The business case.
Then there are the arguments about general transport strategy, and these say that while there is currently strong growth in rail transport this cannot be expected to continue into the future and therefore the “business case” is not valid. In this instance there has been an attack on the figures produced by HS2 Limited. However, this company is wholly owned by the Government and was set up to provide objective research and advice, and to engage all the consultants who will be needed in the planning and acquisition phase. It is specifically required to do all this economically and objectively.
Again the truth is a victim of prejudice. The current cost benefit case excludes all wider benefits both now and in the future. It is also constrained by a time horizon of 2036. There is no doubt that such a significant infrastructure investment will have far reaching positive economic consequences as has been the case with similar investments throughout Europe. If all long and short term benefits are included the case for this investment is overwhelming. Having been myself involved in cost benefit analysis from its very inception, I can vouch safe that those who do it test their assumptions and forecasts very carefully before constructing a full business case.
Of course the argument in this case, like so many others, is conducted without any reference to what is happening across the Channel. Since 1978 the countries of Europe have built nearly 8000 km of high speed railway. Another 1200 km is under construction. Do the detractors from the HS2 project really believe that the politicians in the rest of Europe are in some way deranged in putting so much of their capital investment into this program? Throughout Europe the high-speed network has drawn freight off the roads and made much short haul air service obsolete.
Of course, they argue, we are a small country and therefore do not have the wide open spaces of France or Germany for example. This is a particularly spurious argument when you consider that this small country has the most intense network of domestic air services of any country in Europe. We also have the most congested roads. Efficient and fast train services are very effective in a smaller land, as demonstrated by Japan.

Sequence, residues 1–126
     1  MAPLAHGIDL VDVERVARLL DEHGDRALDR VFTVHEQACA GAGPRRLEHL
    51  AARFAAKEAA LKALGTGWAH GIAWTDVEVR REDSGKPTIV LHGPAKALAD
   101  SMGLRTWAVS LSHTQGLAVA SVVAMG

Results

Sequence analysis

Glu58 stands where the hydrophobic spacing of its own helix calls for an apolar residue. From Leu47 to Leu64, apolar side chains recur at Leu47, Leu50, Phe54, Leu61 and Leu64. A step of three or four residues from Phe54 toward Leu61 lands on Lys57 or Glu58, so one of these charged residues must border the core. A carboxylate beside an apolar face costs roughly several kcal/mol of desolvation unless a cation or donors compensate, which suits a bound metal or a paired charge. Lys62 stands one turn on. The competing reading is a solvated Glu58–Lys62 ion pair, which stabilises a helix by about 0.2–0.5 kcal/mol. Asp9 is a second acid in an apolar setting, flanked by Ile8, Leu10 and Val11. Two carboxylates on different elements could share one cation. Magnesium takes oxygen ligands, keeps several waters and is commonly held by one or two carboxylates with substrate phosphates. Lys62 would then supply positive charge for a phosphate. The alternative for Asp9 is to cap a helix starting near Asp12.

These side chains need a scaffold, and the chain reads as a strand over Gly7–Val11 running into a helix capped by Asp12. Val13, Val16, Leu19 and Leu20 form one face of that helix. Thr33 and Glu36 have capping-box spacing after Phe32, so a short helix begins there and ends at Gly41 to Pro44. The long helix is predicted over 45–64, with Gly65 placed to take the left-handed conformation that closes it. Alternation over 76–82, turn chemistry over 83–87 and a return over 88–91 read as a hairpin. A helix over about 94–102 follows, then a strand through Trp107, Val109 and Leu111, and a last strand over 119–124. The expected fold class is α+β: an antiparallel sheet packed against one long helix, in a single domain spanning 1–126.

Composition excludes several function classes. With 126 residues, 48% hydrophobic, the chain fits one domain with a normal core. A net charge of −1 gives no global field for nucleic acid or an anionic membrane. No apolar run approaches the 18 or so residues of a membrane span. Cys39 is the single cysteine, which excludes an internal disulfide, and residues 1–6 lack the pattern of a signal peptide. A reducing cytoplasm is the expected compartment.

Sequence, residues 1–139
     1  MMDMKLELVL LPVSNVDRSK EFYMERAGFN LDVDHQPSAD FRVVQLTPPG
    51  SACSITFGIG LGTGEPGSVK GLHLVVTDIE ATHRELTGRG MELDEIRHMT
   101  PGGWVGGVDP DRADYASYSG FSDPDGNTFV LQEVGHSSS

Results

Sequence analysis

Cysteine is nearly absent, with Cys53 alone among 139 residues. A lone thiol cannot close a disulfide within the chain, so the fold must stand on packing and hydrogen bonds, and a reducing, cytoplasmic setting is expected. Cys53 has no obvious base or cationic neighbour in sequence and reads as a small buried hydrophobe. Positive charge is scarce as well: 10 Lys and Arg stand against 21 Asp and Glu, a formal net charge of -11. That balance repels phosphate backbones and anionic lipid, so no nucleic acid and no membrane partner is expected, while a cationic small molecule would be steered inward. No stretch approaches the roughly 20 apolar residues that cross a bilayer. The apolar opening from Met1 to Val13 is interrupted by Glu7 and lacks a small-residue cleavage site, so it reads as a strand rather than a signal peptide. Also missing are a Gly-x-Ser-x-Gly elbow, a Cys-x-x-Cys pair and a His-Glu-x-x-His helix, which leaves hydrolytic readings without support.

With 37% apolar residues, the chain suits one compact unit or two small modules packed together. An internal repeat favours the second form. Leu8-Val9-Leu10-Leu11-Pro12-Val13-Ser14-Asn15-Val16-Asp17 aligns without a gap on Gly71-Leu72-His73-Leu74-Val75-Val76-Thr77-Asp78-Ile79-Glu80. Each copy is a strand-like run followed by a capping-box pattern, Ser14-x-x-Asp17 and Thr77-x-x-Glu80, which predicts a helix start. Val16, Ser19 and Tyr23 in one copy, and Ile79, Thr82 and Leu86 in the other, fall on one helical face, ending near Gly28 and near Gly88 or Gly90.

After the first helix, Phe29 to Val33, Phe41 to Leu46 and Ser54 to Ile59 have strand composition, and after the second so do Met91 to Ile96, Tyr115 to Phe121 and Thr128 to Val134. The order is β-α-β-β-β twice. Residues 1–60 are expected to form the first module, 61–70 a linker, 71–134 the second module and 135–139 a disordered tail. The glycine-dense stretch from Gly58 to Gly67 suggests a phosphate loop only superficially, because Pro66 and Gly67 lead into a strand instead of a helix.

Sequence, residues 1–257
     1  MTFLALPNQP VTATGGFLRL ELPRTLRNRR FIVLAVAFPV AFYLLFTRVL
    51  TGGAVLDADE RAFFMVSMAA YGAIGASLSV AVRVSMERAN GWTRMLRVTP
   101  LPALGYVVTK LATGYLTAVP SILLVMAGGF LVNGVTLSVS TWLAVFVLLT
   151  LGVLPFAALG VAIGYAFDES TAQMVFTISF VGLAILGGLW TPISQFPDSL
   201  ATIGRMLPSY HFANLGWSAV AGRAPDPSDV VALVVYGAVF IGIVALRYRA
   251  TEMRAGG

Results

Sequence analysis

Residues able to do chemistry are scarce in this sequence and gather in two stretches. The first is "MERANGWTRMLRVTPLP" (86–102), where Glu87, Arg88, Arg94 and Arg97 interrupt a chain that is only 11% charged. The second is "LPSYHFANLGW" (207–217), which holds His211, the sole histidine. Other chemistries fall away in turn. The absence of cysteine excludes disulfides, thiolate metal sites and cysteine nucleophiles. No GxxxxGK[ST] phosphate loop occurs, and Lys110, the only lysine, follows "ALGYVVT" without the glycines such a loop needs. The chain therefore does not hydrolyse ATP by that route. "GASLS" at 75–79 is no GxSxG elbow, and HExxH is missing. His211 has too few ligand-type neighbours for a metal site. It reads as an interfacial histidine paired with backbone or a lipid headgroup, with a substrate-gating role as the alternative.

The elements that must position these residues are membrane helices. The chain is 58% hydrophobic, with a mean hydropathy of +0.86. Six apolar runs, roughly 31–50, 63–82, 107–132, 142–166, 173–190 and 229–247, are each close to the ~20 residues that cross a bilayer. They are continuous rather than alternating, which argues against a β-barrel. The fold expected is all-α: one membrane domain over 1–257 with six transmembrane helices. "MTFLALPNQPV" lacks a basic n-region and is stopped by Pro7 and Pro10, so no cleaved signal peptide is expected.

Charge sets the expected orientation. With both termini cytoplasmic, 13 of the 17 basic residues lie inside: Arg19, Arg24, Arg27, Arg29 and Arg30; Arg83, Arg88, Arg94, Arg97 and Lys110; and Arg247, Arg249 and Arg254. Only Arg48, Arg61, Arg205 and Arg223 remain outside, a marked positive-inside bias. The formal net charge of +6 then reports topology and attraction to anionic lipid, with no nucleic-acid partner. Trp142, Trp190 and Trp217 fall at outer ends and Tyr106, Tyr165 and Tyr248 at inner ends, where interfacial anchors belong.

Control of costs.
Perhaps the only issue that should be debated at this time is the one raised by the Public Accounts Committee. There is a serious question of cost escalation and the new chairman of the HS2 company should be addressing himself to this very urgently. In all major infrastructure investments there are choices to be made. One of the reasons why roads in Britain have cost typically 30% more than similar roads in France and Spain is because of the insistence of the highway engineers on taking very much more land per mile and building very much wider roads.
One needs to examine very carefully the engineering assumptions of the high-speed line to ensure that it is being built adequately, safely and economically. As already mentioned, one of the main reasons why it is costing so much more is to do with the environmental compromises which have been made. If you took all the rural tunnels out of the equation you would cut the costs substantially. There is also the issue of the trains, it is really incorrect to lump together the provision of the rolling stock and the building of the line into one set of numbers.
The actual railway line will have a long operating life. It will be built for at least 50 years continuous use without upgrade. Rolling stock on the other hand should have a life of no more than about 20 years and therefore should be looked at entirely differently. There will be commercial cases to be argued on all matters of the way in which these lines are used. We must take account of the use of HS1 by local Javelin trains. This has worked extremely well and has provided a great deal of additional use of that service.
One other thing to be said about the European experience with high-speed rail: Although initial costs were very high, nobody in either business, politics, or the general public doubts that there have been not only financial, but huge social benefits from the provision of the network. That we, in Britain, should turn our backs on such a development as the country that once had the most enviable transport system in the world, is nothing short of grotesque.